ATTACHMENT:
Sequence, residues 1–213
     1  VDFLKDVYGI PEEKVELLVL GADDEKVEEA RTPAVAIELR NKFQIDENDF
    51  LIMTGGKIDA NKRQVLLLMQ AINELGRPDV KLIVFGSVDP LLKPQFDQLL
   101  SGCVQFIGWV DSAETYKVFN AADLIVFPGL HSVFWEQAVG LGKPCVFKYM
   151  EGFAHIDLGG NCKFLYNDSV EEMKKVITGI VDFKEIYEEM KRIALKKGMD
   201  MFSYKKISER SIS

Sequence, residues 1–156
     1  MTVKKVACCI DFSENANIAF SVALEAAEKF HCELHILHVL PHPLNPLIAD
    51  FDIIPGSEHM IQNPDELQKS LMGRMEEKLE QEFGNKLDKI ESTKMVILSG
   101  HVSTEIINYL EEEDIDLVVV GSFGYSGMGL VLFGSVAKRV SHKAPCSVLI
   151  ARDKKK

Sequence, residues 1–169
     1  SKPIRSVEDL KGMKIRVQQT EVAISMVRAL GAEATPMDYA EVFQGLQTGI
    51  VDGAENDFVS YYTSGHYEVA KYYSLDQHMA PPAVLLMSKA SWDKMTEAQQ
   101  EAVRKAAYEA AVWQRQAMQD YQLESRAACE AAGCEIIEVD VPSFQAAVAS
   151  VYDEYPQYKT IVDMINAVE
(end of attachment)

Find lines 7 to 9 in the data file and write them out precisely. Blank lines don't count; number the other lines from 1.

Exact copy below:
Sequence, residues 1–156
     1  MTVKKVACCI DFSENANIAF SVALEAAEKF HCELHILHVL PHPLNPLIAD
    51  FDIIPGSEHM IQNPDELQKS LMGRMEEKLE QEFGNKLDKI ESTKMVILSG